The Map of Antarctica

Fictions for Unseen Spaces

Month: November, 2015

Recently

I wake. Recently my dreams are more tangible than my days. My thoughts are more physical than my body. Everything has disappeared. I hold out my hand beneath the tap in the bathroom but the water passes through my fingers. Nothing collects. Nothing gathers and everything is left in disarray, without association. I look around my bedroom and see a boat, a kettle, a deer. I struggle but find no connection between the three. The deer looks back at me. Tilts its head as if trying to understand something. I go downstairs and make toast. The sink is full of fish. Mackerel with stripey backs. Their eyes gape hollowly at the ceiling. I spread the butter thickly and bite down. The clock says ten past eight. I pull on my coat and the lion roars on the stairs. Opening the front door I see it is snowing. I step outside, shake off the night. I do not notice the spider’s thread attached to the back of my neck keeping me connected to the house.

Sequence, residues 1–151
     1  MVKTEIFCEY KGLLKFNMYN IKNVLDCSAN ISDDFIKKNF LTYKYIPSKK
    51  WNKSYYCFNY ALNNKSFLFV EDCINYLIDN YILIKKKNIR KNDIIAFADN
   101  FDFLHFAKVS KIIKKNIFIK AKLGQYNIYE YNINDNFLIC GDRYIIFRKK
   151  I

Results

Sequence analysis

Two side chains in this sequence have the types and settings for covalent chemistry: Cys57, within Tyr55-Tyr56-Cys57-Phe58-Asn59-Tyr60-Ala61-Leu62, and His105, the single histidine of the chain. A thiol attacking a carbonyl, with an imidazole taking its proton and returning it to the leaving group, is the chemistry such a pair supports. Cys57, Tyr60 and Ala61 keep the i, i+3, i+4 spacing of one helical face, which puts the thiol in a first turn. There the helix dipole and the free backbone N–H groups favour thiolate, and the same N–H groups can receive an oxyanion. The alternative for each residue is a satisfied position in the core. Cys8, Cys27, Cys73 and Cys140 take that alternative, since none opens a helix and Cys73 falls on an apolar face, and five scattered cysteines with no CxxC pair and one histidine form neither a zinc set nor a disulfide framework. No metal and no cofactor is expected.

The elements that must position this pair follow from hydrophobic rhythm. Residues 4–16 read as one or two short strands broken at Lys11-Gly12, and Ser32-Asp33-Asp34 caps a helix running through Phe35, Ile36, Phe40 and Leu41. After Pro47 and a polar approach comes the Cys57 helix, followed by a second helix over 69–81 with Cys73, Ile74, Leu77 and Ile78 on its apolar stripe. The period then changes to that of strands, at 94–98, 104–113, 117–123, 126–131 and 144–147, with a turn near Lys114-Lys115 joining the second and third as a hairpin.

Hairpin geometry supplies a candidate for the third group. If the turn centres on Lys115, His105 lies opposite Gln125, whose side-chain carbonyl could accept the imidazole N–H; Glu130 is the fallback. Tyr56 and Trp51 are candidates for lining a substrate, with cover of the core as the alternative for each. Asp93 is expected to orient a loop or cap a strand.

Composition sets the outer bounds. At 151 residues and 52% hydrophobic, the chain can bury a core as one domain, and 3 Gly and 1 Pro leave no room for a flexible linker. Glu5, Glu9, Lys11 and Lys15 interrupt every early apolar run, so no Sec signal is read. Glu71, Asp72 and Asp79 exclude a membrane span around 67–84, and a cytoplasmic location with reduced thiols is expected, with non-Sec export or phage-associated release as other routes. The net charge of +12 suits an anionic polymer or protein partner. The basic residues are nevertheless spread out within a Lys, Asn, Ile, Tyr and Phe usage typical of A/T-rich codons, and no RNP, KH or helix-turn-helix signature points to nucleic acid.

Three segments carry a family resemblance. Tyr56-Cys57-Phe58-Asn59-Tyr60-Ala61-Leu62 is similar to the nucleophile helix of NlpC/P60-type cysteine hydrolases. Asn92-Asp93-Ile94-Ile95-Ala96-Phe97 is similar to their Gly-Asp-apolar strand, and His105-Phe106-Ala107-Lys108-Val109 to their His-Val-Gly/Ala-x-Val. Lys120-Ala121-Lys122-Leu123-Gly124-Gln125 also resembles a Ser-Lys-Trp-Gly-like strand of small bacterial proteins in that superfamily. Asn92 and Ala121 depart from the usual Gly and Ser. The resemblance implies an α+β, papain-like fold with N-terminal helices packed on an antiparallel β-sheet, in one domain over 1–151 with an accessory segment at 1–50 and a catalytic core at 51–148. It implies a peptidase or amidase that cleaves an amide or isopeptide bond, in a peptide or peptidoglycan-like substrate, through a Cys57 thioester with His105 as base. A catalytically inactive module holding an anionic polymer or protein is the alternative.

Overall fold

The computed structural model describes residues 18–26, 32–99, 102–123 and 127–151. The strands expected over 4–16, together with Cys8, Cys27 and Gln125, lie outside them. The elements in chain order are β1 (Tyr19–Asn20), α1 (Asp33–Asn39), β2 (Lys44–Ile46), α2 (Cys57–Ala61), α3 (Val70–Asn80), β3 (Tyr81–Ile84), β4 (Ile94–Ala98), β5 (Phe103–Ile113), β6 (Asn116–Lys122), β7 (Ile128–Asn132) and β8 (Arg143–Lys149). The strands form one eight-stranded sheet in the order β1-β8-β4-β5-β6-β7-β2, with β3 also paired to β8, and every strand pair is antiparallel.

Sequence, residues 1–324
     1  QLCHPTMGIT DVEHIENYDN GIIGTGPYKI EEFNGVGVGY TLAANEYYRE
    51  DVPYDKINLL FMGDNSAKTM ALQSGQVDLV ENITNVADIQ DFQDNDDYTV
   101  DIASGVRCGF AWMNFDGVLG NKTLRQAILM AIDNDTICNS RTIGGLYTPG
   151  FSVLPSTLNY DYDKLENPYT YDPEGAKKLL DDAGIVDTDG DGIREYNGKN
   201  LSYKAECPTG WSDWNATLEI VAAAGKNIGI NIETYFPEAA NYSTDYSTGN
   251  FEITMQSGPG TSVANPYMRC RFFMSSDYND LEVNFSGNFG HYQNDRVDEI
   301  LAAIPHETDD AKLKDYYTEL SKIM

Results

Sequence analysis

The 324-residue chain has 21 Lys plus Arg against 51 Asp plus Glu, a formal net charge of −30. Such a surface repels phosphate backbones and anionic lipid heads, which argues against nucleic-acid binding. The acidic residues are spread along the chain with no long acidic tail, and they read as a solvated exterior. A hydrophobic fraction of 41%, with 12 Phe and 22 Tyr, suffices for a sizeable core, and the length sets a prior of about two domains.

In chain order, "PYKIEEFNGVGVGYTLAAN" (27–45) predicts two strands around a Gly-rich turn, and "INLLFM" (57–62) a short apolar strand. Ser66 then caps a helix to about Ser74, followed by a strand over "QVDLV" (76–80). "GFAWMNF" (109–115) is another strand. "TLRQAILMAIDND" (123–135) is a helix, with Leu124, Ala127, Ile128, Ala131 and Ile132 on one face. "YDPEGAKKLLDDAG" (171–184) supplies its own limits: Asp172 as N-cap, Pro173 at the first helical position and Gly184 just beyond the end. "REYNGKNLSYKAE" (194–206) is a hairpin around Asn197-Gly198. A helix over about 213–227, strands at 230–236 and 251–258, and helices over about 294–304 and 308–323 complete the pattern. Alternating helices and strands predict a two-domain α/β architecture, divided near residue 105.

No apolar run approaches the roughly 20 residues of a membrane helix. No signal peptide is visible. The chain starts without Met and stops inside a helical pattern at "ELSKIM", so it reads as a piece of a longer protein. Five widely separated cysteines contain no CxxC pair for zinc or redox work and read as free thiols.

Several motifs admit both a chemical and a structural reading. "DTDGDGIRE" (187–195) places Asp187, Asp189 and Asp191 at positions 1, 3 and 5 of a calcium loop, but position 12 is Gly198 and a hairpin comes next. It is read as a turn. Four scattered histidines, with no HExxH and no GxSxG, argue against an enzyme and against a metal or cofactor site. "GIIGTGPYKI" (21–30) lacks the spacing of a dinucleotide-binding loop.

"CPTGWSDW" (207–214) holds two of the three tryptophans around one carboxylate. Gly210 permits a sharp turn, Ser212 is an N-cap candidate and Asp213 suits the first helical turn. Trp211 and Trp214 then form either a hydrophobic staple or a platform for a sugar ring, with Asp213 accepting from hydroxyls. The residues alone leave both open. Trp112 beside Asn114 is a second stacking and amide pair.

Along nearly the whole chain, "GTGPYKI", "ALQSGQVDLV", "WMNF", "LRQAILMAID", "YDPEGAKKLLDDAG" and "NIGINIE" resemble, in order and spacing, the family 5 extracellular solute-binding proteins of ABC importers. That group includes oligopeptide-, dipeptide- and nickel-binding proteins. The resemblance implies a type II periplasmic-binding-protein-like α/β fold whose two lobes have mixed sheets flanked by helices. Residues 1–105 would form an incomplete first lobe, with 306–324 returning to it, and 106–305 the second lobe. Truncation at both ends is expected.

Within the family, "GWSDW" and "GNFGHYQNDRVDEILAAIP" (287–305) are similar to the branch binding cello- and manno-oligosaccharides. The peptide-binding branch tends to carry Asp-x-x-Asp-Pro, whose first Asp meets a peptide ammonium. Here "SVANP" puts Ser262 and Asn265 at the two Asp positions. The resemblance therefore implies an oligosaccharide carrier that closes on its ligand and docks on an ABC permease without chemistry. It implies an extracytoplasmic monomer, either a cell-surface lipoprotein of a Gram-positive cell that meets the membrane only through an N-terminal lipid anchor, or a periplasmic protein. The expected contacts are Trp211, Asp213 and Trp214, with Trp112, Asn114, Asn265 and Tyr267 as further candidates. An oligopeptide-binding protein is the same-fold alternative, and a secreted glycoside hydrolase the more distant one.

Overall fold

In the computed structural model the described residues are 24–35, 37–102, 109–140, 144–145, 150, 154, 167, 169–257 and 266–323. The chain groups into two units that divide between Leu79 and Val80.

A Long Way From America

I feel a long way from America

and America is what I was learning.

Through books and film and music and people

I straddled the Atlantic

imagining the galleries

and the libraries.

But the waves were strong,

and much like Salvador Alvarenga,

the man who got lost on a boat for 14 months,

I sometimes felt I had no nation.

The stars

I could be sure of.

But countries are like that.

Strong and invisible,

Rooted deep into our psyche.

I could never mistake

that it was the streets of England

that my visions of America were contained within,

that down the road and near the water

was the screen that has long projected Hollywood,

that in the houses, next to the worn furniture

are the books that transmitted New York

past the eyes, to the brain

where I again will build

a place that someday I won’t have to remember.

I will just be able to look and see.

Until then I will shave

and turn up for work

at the university that lights up lecture theatres at night

for talks on the slave trade.

Legacies are in place

but let them not get overblown,

our people will soon see eye to eye

and speak of common things.

%d bloggers like this: